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Death of the Dairy: Part 2

By: Joe Brown
By: Joe Brown

It's a one-of-a-kind sound, unmistakable to dairy farmers past and present: the rhythmic tune of milking time, a sweet song to dairymen, but one rarely heard anymore in the Brazos Valley.

But in world that's seemed to pass by the family dairy, the Liere Dairy in Franklin is the exception. In fact, finding ways to beat the odds is nothing new to them.

"We've kind of got our own little niche here," said David Liere, a second-generation dairy owner. "We found a way to keep profitability going like that. We raise all our calves and raise our feed to to keep our feed costs low."

The ability to adapt is one reason the Liere Dairy has survived. But the real secret to their success is actually no secret at all. It's the same formula that made dairies successful years ago.

It's called family.

"We're just proud my grandsons are taking over, my son's taking over and picking up and going on," said Johnnie Liere, the first in the line of Liere dairy owners.

"Some of it's just genetic, too," David said. "I think it's because if your dad was a dairy farmer, he had to work hard. And he kind of passes it on and you learn how to work hard and you learn how to work for a long time."

"This is what I like to do and it's what I know how to do, so this is what I like to do," said David Liere, the third generation.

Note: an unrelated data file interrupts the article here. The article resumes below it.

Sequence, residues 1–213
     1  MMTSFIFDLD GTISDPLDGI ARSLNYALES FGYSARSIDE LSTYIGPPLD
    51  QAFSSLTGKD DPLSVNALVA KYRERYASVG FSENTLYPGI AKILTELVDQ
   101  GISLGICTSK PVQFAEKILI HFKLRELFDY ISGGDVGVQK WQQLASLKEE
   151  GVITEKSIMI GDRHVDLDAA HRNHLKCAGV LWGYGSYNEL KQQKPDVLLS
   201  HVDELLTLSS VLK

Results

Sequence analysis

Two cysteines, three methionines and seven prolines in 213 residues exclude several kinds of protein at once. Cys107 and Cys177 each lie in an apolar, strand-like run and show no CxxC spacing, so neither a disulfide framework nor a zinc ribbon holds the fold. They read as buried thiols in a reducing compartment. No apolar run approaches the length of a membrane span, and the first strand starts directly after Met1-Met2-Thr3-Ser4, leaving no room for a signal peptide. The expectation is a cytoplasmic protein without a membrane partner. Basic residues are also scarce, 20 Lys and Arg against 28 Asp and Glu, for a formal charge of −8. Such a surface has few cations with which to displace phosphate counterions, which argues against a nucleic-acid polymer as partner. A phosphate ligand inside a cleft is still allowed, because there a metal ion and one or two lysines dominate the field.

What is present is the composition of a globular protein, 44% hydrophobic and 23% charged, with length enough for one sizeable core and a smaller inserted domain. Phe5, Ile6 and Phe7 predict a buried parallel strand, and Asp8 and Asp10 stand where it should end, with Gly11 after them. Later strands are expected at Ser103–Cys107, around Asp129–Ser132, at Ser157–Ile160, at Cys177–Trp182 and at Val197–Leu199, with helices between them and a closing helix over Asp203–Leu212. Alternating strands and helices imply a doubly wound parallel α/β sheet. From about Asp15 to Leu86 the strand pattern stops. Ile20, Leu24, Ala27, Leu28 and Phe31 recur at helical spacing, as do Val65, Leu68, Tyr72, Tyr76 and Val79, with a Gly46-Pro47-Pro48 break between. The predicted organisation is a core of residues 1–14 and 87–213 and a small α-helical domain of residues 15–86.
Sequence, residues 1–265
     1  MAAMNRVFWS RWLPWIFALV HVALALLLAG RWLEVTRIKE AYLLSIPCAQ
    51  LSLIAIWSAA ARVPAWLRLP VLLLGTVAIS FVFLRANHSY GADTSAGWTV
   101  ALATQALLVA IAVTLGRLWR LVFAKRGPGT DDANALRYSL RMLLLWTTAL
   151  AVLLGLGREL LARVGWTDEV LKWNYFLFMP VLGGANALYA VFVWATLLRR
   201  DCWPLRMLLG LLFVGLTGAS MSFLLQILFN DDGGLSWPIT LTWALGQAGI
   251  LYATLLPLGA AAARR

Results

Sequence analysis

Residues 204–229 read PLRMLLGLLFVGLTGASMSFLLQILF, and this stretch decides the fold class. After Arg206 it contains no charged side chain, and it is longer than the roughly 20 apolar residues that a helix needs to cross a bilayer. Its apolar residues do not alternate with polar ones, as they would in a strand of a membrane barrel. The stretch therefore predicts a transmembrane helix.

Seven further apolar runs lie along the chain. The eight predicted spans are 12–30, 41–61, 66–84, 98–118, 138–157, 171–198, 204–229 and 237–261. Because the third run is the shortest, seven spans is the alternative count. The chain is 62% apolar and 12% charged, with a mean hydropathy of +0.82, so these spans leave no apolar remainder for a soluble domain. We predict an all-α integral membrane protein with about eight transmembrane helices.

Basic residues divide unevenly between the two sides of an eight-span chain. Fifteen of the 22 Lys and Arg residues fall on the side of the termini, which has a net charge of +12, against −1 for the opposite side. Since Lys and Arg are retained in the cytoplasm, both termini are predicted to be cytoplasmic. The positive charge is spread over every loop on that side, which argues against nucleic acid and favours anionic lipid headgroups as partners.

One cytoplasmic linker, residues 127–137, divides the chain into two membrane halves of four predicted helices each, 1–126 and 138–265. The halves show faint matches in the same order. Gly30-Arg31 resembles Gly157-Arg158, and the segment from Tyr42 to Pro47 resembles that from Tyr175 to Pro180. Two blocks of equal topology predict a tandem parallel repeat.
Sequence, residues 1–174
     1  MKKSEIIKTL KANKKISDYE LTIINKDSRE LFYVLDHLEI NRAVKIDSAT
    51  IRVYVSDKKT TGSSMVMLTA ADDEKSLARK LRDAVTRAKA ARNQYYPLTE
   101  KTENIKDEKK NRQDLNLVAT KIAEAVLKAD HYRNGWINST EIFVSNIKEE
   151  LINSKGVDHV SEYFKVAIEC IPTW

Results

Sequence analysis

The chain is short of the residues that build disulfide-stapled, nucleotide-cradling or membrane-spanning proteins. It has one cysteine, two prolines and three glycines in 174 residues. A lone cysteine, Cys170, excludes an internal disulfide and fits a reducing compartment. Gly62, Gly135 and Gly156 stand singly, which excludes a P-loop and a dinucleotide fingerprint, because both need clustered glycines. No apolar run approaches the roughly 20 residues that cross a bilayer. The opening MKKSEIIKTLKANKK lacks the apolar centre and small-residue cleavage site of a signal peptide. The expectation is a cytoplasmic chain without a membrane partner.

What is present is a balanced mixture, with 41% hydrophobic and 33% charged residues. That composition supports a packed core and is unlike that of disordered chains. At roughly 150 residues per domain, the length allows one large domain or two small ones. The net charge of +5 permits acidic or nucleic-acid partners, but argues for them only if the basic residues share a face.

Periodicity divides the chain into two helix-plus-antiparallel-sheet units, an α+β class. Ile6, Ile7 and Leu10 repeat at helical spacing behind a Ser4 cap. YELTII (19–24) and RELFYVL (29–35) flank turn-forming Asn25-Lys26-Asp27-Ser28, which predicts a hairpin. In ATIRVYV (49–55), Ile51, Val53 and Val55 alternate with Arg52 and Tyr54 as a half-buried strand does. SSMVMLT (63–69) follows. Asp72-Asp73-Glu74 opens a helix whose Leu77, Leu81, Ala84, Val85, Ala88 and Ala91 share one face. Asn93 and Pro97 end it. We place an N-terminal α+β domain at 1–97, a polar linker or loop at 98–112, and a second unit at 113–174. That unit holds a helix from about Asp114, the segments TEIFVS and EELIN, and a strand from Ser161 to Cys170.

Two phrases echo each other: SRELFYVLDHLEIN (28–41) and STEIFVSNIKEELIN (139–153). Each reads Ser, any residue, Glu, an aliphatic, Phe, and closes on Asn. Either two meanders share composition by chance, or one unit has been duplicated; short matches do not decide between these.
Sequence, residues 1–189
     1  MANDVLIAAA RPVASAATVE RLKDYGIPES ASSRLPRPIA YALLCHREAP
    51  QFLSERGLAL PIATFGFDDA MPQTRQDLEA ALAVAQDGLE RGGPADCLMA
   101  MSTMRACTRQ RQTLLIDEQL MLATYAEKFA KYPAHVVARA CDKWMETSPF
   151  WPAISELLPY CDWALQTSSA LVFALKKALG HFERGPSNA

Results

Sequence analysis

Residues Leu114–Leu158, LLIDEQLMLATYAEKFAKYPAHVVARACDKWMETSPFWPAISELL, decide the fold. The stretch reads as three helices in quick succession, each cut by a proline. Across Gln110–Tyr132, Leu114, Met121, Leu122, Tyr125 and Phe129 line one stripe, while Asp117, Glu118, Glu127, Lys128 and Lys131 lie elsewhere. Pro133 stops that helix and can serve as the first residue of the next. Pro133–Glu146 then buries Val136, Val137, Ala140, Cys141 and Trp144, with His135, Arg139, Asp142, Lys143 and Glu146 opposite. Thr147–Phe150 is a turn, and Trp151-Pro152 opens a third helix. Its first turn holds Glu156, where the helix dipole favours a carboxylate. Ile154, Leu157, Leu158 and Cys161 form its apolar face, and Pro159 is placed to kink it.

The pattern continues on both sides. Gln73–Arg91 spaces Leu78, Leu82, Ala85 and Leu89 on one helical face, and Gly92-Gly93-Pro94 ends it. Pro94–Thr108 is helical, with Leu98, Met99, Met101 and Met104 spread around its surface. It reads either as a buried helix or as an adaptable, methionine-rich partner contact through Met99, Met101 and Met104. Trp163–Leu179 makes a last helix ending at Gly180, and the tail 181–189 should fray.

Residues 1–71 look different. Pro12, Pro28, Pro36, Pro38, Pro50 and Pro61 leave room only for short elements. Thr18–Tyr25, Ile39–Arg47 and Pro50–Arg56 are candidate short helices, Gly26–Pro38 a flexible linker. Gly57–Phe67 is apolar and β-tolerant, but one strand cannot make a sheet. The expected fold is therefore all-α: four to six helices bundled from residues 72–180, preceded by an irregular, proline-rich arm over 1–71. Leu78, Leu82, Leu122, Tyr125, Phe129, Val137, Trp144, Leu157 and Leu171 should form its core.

Daniel and younger brother, Douglass, are the sons of David and Debbie, and the future of Liere Dairy. Both boys are Texas A&M graduates with degrees in Dairy Science. Returning to the family dairy wasn't what they had to do, it was what they wanted to do.

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"On my day off, most the time, I'd rather be up here doing something than doing anything else," said David, "so I like what I do and hopefully I will do it forever if I can."

For Douglas, another of the third generation, it was just a natural continuation of a lifestyle he's loved since childhood.

"Every morning, we'd come up to the barn," Douglas remembers. "We had to flush the floors. We had a bunch of water and we'd get the skateboard and ride that water down. It was recycled water, but it was like you were surfing. Those are good memories."

Today, the Liere Dairy milks close to 500 cows in five shifts. Total milking time: 21 hours each day. Managing a dairy farm is time-consuming, back-breaking, sometimes frustrating hard work. But to the Liere family, there's nothing else they'd rather do, and there's no regrets.

"No, I think we'd do it the same," said David. "Because not only the two boys, I have a daughter too. And I can see it in her look when she tells the kids she grew up on a dairy farm and she's proud of that."

All of the Lieres not only work on the family dairy, they all live there, too. When asked if there'll be a fourth generation of Liere dairy owners, both Daniel and Douglas said that will be up to their children.


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